:: Why putting your brand in the hands of others is a dangerous game ::
The below image has been beaten to death in almost every corporate presentation in the recent past, with the obligatory “Look at what these guys are doing, changing the face of how we are and should be doing business! It’s extraordinary! We need to Uberise our business!”
And it is extraordinary. Getting this right is no easy feat! And the term “Uberise” is now, apparently, a thing.
However, these guys need to learn from the wise words shared with Spiderman concerning power and responsibility. Because it is a concern, as they’re not always in charge of the power and portrayal of their brand, but they are – in the end – responsible.
Power and responsibility need to sit hand-in-hand.
This pic is the perfect vision of what Uber wants to represent. A fancy-shmancy driving service with a fancy-schmancy car and fancy-schmancy grin to greet you for the best ride of your life, all facilitated through a simple, easy-to-use app on your phone. Just… beautiful.
Keeping up with this appearance is extremely difficult though. Some (a tiny percentage of businesses) can keep this up because they put service first, above all else. The trouble is that, traditionally, when the business starts growing and investors need to see results, service falls behind. Finding this balance will tell the average and great businesses apart. Scarily, when that level and expectation of great service is out of your hands – like the companies mentioned above, you need to be way more vigilant with who you give that power to.
My view: The one thing that companies like Uber need to remember, constantly, is that when others are responsible for your brand, you need to ensure those “others” are going to make it, and not break it. It’s extremely difficult to control what you’re not in control of.
That’s the gist of my personal view. You can stop reading now if you get it (and you’re probably smart enough to get it, so well done), but if you want to read the personal story behind why I started writing this, read on.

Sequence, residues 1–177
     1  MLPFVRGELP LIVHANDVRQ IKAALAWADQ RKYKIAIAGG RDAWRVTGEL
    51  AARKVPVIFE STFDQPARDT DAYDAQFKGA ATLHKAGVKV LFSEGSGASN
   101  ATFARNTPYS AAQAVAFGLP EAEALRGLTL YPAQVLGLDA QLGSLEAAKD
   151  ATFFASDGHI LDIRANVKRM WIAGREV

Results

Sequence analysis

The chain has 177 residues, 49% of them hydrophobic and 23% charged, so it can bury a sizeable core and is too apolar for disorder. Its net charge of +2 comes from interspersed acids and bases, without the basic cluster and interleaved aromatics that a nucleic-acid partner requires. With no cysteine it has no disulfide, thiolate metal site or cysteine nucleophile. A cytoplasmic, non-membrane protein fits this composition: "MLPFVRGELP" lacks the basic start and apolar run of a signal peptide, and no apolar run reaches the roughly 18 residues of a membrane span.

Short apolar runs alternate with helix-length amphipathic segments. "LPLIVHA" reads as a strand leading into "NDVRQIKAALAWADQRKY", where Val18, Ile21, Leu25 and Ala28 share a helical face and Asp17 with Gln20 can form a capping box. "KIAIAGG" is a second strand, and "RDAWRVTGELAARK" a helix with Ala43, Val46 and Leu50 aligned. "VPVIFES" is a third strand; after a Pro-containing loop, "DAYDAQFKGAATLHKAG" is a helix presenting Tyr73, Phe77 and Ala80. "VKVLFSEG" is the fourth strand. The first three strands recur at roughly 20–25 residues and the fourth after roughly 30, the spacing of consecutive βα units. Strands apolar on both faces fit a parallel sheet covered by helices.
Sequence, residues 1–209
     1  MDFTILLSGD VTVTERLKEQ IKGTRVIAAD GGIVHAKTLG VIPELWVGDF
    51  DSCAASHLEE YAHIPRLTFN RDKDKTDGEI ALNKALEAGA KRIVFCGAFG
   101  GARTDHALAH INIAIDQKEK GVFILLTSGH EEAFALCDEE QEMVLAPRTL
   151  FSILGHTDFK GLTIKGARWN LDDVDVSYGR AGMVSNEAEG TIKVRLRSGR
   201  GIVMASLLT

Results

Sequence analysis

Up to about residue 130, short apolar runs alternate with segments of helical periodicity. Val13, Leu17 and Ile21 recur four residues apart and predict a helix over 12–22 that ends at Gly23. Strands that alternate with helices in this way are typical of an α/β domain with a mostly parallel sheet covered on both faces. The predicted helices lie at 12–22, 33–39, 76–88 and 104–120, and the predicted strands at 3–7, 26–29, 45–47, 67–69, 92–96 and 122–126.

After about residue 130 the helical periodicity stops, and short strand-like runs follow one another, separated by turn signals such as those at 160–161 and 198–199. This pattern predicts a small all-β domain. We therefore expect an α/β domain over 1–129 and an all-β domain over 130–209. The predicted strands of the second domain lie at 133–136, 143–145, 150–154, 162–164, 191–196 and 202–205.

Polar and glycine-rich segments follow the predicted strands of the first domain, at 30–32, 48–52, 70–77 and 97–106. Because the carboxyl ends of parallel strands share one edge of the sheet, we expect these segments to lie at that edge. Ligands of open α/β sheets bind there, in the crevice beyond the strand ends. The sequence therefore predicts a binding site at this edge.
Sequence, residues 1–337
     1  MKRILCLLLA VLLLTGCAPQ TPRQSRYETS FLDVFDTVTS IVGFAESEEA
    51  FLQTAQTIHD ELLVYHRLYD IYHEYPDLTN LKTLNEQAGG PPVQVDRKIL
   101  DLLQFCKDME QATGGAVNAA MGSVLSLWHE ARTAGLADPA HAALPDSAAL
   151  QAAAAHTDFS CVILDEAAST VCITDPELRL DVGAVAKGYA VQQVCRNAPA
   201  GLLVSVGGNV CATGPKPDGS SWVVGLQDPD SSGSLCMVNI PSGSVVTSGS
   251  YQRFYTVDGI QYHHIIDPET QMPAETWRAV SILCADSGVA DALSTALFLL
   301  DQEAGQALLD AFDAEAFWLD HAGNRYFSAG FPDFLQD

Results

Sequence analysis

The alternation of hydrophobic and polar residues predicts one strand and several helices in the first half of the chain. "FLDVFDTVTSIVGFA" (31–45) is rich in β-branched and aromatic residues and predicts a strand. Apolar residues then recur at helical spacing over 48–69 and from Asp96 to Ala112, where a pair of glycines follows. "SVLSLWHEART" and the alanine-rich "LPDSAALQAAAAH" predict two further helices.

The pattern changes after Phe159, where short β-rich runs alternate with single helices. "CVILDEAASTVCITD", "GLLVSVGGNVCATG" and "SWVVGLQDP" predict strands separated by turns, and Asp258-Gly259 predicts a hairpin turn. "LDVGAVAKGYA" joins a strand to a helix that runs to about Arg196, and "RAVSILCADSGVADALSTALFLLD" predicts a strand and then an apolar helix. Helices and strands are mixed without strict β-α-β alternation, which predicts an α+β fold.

For me, the Uber story started out beautifully, but the times they are a-changin’.
My first few rides with Uber were great. The service (and I know that I’m not alone here) intrigued me. A well-kept car pulls up at my pre-defined location (thanks to the app), the driver gets out and greets me by name (thanks to the app) and I in turn greet him/her back by their name (yes, app). And I was interested in the drivers, always asking questions about their time using the service, how many vehicles were in their fleet, their experience with the app and Uber as a business, and all things checked out okay. They were energetic, excited and were in it to win it.
Every driver I had was polite and very professional. Every car was clean, pristine and had the soft scent of the latest rearview mirror air freshener.
But, and there’s always a but, things have changed.
The promise that Uber made at the beginning – only a few years ago, that no matter whether I was headed to work, a meeting or dinner, I was a special traveler and being treated accordingly, has begun to dramatically decline. Recently I’ve had drivers pull up to my location like they’re in the market for a hooker (I was not hooking on those particular occasions), drivers are civil but not overly polite and warm, vehicles have not been in the best condition, I’ve experienced poor driving and, most bizarrely, drivers not being able to follow simple directions on the app (which is crazy, because I was watching the exact same thing, and how difficult is it to find an international airport anyway, Mr Driverguy!?).